First- and Second-Generation Antipsychotics for Children and Young Adults
Adverse Effects: SGAs Versus SGAs (2 of 2)
For other adverse events in direct comparisons, there is limited evidence of no statistically significant difference between second-generation antipsychotics (SGAs) for effects on insulin levels and glucose control, extrapyramidal symptoms, and sedative effects. The strength of evidence in support of these conclusions is low.
The risk of elevated prolactin is 2.6 times greater with risperidone than with olanzapine (from 1.7x to 5x). The strength of evidence for this conclusion is moderate.
The evidence from other head-to-head comparisons is insufficient to permit conclusions about differences in prolactin levels.
Study durations were typically too short to evaluate adverse effects on some important outcomes such as insulin and glycemic control.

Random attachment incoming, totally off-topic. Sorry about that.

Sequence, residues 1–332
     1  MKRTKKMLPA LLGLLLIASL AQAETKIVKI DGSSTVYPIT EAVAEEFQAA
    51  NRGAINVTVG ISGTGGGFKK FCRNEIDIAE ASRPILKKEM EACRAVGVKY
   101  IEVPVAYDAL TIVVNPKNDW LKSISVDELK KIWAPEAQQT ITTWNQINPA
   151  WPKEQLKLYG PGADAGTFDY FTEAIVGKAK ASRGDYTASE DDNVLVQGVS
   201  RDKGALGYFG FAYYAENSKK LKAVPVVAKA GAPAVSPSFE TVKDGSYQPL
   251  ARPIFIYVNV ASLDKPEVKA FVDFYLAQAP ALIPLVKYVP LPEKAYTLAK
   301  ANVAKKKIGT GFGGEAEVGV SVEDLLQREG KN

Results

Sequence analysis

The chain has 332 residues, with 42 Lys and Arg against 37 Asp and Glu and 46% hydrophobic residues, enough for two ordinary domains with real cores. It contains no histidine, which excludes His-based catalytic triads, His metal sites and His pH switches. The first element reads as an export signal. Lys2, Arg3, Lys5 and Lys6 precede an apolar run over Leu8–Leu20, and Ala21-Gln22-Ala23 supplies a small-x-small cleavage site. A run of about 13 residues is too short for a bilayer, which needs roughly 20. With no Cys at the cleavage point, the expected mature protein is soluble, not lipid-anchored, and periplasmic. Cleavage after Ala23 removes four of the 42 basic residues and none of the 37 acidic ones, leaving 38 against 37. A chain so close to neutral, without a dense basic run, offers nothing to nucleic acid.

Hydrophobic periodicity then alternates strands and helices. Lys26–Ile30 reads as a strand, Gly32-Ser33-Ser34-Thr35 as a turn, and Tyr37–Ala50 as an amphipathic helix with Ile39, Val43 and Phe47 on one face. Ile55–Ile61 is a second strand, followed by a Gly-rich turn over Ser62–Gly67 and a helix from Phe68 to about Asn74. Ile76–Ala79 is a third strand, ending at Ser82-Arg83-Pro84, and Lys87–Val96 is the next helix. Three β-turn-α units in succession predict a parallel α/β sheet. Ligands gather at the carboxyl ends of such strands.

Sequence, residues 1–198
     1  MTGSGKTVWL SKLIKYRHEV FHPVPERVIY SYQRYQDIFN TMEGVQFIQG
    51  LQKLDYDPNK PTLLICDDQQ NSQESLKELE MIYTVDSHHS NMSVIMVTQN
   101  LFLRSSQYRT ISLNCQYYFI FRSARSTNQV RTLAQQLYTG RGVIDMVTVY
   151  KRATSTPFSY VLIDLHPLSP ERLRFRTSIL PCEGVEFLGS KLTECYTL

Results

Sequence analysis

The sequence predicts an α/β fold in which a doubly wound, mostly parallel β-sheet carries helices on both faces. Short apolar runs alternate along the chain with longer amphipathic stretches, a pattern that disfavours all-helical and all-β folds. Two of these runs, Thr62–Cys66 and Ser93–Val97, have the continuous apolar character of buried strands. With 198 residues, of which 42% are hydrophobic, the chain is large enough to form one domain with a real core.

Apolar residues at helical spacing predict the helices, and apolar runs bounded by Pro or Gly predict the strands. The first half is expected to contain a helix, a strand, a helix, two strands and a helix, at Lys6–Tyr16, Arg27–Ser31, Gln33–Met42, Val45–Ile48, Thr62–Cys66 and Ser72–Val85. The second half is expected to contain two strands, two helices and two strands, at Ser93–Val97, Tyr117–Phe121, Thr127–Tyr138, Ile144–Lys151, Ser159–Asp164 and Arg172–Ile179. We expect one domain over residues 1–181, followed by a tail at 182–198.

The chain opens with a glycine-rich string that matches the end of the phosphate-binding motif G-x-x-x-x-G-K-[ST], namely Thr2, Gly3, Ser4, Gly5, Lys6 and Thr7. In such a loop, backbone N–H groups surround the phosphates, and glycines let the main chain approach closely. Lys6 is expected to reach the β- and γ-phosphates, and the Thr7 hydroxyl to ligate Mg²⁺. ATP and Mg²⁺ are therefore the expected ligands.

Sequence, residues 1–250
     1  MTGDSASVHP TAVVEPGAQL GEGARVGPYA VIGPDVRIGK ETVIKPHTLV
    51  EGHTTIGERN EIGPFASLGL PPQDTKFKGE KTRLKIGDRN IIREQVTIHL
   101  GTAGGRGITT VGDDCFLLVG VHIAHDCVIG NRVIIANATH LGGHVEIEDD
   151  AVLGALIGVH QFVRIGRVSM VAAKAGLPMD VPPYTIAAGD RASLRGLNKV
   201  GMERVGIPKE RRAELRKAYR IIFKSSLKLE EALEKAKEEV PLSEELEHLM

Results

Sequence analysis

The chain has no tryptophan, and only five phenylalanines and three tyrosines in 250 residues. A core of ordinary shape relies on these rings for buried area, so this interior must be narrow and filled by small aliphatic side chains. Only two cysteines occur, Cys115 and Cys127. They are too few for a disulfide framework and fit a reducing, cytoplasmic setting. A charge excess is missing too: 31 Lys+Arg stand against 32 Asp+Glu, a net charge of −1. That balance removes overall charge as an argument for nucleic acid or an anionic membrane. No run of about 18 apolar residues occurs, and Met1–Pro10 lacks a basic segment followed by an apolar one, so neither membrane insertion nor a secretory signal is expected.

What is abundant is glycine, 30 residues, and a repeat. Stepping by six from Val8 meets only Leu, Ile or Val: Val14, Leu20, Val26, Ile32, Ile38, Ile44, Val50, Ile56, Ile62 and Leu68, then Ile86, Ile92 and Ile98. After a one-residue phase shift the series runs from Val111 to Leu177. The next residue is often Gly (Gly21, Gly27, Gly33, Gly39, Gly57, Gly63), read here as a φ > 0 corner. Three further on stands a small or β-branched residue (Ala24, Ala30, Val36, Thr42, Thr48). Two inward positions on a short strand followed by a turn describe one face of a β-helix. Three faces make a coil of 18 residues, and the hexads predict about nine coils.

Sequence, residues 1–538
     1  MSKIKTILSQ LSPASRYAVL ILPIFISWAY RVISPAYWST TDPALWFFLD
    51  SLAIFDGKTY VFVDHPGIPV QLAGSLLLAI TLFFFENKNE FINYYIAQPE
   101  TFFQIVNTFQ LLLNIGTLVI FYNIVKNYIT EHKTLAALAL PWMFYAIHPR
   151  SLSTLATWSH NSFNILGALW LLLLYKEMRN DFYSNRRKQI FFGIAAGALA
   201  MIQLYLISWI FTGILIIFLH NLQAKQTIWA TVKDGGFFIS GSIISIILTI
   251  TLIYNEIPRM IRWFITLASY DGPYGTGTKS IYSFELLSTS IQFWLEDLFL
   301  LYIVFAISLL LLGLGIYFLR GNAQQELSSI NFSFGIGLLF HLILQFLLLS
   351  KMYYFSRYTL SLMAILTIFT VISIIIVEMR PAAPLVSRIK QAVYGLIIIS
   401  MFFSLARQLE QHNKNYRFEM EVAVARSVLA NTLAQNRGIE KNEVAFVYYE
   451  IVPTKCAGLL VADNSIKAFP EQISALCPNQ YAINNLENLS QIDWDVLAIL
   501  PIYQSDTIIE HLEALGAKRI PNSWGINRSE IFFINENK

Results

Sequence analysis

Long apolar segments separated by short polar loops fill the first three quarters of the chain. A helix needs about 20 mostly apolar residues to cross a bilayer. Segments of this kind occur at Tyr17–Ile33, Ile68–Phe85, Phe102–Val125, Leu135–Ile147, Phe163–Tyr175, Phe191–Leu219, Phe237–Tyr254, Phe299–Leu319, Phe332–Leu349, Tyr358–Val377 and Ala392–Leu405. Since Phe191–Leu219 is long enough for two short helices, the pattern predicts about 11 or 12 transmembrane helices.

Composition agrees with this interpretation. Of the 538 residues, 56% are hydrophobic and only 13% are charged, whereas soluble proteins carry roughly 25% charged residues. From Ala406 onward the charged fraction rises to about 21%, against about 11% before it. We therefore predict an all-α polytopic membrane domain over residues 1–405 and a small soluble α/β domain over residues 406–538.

- Seida J, Schouten J, Mousavi S, et al. First- and Second-Generation Antipsychotics for Children and Young Adults. Comparative Effectiveness Review No. 39 (Prepared by the University of Alberta Evidence-based Practice Center under Contract No. 290-2007-10021). Rockville, MD: Agency for Healthcare Research and Quality; February 2012. AHRQ Publication No. 11(12)-EHC077-EF. Available at www.effectivehealthcare.ahrq.gov/pedantipsych.cfm.
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